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"I am still a revolutionary, because I believe that in the United States there needs to be a complete and profound change in the system of so called democracy."

Assata  portrait

(Photo credit: Jean Weisinger)

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Assata Shakur

ASSATA SHAKUR is an African-American woman. She is a social justice activist, a poet, an artist, a mother and a grandmother. She has lived in Cuba since the early 1980s.

During the 1960s and 1970s, she found herself a victim of both racial profiling and political targeting. After being spotted on the New Jersey turnpike on May 2, 1973, because she is black, it was discovered that she and her two companions were members of the Black Panther Party. Like Martin Luther King, Jr., Malcolm X, Leonard Peltier, and many members of the Civil Rights and American Indian Movements, Assata and her companions had been watched, their phones tapped, their families monitored, their organizations infiltrated, and widespread disinformation campaigns waged against them. They were like many activists of the day -- targets of the FBI's Counter Intelligence Program (COINTELPRO).

After police stopped them, a shootout occurred. When the smoke cleared one police officer, and one of Assata's companions, Zayd Shakur, lay dead. Assata, shot and dragged from the car, lay wounded. Belatedly taken to the hospital, Assata was then chained to her bed, tortured and questioned while injured. She was quickly jailed, prosecuted and incarcerated over the next few years for a series of trumped up charges.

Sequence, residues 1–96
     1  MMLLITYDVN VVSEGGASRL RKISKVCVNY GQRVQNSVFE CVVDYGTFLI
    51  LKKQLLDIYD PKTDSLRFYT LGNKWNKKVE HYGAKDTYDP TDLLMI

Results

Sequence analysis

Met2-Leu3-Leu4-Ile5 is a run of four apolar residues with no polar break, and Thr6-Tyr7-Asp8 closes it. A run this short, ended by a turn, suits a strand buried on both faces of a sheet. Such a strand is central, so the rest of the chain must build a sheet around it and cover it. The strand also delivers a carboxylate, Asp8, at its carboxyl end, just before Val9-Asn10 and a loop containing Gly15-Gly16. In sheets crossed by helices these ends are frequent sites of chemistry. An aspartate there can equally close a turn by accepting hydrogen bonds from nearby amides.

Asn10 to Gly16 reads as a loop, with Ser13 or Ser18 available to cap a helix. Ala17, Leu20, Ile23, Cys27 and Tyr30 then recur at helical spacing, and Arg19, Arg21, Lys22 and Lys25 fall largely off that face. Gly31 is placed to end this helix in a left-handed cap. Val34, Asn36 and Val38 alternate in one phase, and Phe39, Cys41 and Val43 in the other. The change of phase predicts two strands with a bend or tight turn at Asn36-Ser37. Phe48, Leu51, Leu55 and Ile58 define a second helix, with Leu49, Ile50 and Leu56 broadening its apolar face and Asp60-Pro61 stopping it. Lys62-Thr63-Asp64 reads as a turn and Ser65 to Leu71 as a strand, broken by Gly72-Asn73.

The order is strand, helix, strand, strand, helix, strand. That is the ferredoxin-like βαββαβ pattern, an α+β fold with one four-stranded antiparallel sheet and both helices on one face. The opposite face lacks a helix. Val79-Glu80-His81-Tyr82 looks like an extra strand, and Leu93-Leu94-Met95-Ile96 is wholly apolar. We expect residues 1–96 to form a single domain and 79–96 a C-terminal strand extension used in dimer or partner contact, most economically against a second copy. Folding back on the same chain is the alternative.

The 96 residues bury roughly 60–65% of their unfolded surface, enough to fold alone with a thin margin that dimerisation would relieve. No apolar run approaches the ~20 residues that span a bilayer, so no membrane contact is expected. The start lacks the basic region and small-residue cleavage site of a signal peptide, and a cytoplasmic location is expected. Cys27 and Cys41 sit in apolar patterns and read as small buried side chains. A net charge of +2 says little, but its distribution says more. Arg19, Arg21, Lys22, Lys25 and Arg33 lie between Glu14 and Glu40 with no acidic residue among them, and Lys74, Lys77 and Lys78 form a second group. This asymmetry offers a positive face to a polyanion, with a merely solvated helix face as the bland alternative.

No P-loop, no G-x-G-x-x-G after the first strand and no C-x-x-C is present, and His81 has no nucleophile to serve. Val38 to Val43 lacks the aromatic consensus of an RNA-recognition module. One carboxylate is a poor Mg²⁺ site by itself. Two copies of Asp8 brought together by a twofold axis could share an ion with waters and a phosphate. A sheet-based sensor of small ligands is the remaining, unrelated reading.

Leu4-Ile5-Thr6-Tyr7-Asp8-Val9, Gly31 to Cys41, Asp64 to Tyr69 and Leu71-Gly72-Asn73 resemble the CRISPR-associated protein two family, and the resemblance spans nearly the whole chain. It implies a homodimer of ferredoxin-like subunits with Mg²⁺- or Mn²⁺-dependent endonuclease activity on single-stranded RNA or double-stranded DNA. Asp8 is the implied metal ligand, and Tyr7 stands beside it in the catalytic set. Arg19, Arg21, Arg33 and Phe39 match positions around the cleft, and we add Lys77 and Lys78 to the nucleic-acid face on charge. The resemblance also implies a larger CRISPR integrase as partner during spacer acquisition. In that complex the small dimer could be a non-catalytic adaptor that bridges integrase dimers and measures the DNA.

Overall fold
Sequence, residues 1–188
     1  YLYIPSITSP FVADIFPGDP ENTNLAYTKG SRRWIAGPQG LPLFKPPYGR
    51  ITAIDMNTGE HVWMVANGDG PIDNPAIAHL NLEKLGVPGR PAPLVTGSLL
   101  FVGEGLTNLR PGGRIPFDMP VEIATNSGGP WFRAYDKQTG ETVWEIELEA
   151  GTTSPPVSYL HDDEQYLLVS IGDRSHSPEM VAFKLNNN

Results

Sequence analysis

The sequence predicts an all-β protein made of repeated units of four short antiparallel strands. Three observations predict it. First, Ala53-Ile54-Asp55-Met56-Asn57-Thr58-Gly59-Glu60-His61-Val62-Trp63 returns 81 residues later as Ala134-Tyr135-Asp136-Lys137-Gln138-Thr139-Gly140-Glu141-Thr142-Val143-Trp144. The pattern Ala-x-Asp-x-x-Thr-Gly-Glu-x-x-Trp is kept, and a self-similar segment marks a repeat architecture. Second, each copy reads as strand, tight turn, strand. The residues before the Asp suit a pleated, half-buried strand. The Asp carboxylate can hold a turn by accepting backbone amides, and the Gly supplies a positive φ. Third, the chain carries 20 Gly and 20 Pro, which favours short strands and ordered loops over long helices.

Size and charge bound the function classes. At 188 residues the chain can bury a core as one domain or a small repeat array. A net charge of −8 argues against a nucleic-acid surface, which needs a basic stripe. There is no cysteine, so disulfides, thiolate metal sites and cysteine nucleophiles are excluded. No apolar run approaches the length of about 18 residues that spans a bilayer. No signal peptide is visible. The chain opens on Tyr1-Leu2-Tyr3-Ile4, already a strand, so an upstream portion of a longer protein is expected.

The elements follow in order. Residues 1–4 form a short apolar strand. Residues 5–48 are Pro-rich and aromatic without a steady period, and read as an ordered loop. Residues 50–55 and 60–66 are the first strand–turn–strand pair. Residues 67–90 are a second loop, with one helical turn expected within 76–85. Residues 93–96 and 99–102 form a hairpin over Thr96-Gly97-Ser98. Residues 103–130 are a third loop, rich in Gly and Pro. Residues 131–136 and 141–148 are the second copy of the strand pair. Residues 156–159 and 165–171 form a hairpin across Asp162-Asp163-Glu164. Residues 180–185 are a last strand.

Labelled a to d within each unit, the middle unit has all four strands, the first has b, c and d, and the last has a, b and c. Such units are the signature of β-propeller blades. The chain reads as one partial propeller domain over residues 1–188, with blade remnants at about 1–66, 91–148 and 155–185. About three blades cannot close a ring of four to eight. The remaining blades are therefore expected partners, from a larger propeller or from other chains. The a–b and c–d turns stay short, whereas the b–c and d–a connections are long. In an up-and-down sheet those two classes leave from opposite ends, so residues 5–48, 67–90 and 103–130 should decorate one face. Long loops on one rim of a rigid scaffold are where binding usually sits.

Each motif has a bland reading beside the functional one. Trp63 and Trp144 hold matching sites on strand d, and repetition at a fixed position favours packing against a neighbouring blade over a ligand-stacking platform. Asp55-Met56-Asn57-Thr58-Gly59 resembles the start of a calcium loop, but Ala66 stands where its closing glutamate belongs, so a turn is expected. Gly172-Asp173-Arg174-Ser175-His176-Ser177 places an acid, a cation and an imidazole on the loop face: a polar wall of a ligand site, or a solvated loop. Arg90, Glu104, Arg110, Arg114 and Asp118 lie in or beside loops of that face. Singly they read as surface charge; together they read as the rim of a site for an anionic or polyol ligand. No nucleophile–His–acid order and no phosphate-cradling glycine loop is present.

In five separate trials with largely white juries, charges were dismissed because of lack of evidence or she was acquitted of all charges ranging from bank robbery to murder.

Only in the final trial in 1977, where she was charged with the turnpike killings, was she found guilty even though forensic evidence taken that day showed that she had not fired a weapon. She was sentenced to life + 33 years in prison. In 1979, after nearly six years behind bars, she escaped from Clinton Correctional Facility for Women in New Jersey and some time later emerged in Cuba where she applied for and received political asylum.

Since being in Cuba, she has continued her college education, published an autobiography, and writes on global issues facing women, youth, and people of color.

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